Scientists Create Beef-Infused Rice With Cow Cells

Scientists Create Beef-Infused Rice With Cow Cells

The dinner plate of the future might include some beefy rice. No, not beef and rice. Beef rice. In a new study, researchers in Korea say they’ve created rice infused with muscle and fat cells from cows. The hybrid grain purportedly contains more protein and fat than typical rice, and the team argues that it should be cheaper and more environmentally friendly to produce than beef and rice combined.

The study authors were inspired to create their novel food as a means of tackling the numerous ongoing challenges in agriculture. The food industry as a whole is a major contributor to greenhouse gas emissions, for instance, with the bulk coming from meat production. Many scientists and companies have proposed potentially sustainable alternatives to conventional foods, including lab-grown meat (also called cell-based meat), mass-produced insects, and various vegetarian and vegan products.

One avenue of research that the authors were curious about was hybrid food, or food that combines vegetable and animal ingredients. Some teams have already experimented with using existing products like textured vegetable protein (a soy-based flour product that resembles meat) as a scaffold for growing cell-based beef. But the team theorized that rice might be an especially appealing medium for fusing with meat, since it naturally contains a mix of macro- and micronutrients and isn’t a common source of allergy, unlike soy and other common meat substitutes.

To create their hybrid rice, the researchers seeded rice grains with precursor muscle or fat cow cells, then grew the cells with the help of a petri dish.

To produce their hybrid food, they seeded rice grains with precursor muscle or fat cow cells, intended to create either protein-rich rice or fat-rich rice. These grains would then be placed inside a nutritious petri dish, and over the next 10 days or so, the cells would hopefully replicate and develop into mature cells nestled within the rice. But they soon realized that bare rice alone might not be the best scaffold for these cells. So they decided to first coat the rice with fish gelatin and the food additive microbial transglutaminase, believing that these ingredients would enhance the rice’s stickiness to the cells.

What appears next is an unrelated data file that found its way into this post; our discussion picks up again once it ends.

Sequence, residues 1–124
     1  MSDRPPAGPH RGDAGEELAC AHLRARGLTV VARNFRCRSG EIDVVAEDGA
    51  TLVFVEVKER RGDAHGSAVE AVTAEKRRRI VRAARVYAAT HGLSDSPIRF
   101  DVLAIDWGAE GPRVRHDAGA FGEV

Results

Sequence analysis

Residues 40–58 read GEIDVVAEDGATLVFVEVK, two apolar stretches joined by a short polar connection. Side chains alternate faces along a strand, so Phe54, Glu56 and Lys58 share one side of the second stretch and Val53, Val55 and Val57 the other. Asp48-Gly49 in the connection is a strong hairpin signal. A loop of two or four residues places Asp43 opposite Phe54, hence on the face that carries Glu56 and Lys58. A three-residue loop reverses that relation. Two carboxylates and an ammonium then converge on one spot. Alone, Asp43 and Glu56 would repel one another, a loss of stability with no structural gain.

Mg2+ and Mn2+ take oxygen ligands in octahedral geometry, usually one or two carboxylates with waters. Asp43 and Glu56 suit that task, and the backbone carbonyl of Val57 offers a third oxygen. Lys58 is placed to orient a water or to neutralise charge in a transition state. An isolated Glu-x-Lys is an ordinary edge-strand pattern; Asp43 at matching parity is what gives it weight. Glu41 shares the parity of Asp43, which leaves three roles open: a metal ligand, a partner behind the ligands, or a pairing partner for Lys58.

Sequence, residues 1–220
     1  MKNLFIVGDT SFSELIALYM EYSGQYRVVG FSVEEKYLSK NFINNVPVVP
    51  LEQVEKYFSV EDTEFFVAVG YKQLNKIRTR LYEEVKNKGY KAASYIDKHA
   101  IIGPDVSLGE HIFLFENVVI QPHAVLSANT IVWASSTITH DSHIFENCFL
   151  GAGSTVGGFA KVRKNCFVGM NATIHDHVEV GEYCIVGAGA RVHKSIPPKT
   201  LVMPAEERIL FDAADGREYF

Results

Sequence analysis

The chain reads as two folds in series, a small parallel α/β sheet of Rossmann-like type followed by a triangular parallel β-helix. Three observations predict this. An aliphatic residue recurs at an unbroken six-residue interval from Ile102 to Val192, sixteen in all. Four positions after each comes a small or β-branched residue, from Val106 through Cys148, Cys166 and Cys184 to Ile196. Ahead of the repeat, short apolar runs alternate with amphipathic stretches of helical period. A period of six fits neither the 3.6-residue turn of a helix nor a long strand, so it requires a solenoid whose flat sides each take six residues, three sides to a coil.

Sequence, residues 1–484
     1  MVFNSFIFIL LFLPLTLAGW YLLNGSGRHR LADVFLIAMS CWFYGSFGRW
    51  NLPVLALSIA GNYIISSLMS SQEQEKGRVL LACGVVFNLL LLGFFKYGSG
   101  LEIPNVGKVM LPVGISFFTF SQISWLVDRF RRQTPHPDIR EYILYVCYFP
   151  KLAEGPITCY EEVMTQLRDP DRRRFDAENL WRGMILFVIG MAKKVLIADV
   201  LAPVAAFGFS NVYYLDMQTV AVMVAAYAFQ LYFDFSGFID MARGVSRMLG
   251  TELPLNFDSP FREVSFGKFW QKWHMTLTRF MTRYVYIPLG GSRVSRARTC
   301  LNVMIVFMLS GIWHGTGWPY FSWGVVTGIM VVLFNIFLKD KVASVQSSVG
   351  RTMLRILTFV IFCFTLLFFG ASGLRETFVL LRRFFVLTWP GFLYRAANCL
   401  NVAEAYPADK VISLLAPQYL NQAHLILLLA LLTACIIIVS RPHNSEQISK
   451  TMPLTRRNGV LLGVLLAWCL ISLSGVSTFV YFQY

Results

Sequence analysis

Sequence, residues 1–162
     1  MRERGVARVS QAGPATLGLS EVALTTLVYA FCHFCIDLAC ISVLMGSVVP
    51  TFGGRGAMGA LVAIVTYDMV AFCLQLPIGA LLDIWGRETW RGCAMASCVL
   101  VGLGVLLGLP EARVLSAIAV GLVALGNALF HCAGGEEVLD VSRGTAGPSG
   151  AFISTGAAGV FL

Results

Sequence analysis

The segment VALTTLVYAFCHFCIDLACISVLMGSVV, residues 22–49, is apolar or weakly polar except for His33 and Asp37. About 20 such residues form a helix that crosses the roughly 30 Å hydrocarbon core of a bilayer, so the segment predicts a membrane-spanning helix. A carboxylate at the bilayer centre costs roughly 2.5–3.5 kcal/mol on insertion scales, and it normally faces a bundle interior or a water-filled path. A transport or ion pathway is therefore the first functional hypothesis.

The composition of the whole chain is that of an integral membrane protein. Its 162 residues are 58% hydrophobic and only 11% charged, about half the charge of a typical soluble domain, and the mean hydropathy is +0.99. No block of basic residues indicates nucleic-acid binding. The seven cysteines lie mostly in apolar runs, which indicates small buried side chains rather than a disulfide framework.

Their subsequent creation, which they call “microbeef,” seems to be an early success. Compared to bare cooked rice, the two batches of hybrid rice contain about 8% more protein and 7% more fat, respectively. They also ran tests of the food’s odor profile, indicating that it has a rich flavor, with notes of beef and almond for the rice with added protein and notes of cream, butter, and coconut oil for the rice with added fat.

“The findings of this study provide feasible ideas for creating various types of future hybrid foods,” the authors wrote in their paper, published Wednesday in the journal Matter.

The creation is still only modestly more nutritious than regular rice for the time being. But the authors argue that their rice should already be cheaper to make and produce fewer greenhouse emissions than beef and rice combined, at least once it can be scaled up. They also believe that they can continue to refine the process and create more beef-like rice and are already working on a better growth strategy for their fat-rich rice. All of the ingredients used to create the hybrid rice are edible, meaning they shouldn’t pose any additional food safety concerns.

The team ultimately envisions that their hybrid food, and others like it, can be a boon to people all over the world—and even those outside of it.

“In the future, this self-production system of grain-based hybrid foods could ensure food relief in underdeveloped countries, during war, and in space,” they wrote.

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